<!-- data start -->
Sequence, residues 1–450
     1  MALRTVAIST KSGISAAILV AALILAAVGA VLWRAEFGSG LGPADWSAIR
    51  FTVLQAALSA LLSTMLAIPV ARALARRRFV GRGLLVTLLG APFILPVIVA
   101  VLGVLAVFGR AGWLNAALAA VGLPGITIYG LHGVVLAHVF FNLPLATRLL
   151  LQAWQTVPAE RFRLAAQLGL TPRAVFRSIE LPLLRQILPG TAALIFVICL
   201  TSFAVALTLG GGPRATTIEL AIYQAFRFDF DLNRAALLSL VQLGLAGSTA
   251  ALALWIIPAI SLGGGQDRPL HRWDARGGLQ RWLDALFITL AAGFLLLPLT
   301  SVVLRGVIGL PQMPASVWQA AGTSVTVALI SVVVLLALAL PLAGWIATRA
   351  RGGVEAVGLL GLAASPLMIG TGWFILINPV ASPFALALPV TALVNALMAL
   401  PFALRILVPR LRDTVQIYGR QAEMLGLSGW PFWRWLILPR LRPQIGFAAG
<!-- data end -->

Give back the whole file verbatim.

Sequence, residues 1–450
     1  MALRTVAIST KSGISAAILV AALILAAVGA VLWRAEFGSG LGPADWSAIR
    51  FTVLQAALSA LLSTMLAIPV ARALARRRFV GRGLLVTLLG APFILPVIVA
   101  VLGVLAVFGR AGWLNAALAA VGLPGITIYG LHGVVLAHVF FNLPLATRLL
   151  LQAWQTVPAE RFRLAAQLGL TPRAVFRSIE LPLLRQILPG TAALIFVICL
   201  TSFAVALTLG GGPRATTIEL AIYQAFRFDF DLNRAALLSL VQLGLAGSTA
   251  ALALWIIPAI SLGGGQDRPL HRWDARGGLQ RWLDALFITL AAGFLLLPLT
   301  SVVLRGVIGL PQMPASVWQA AGTSVTVALI SVVVLLALAL PLAGWIATRA
   351  RGGVEAVGLL GLAASPLMIG TGWFILINPV ASPFALALPV TALVNALMAL
   401  PFALRILVPR LRDTVQIYGR QAEMLGLSGW PFWRWLILPR LRPQIGFAAG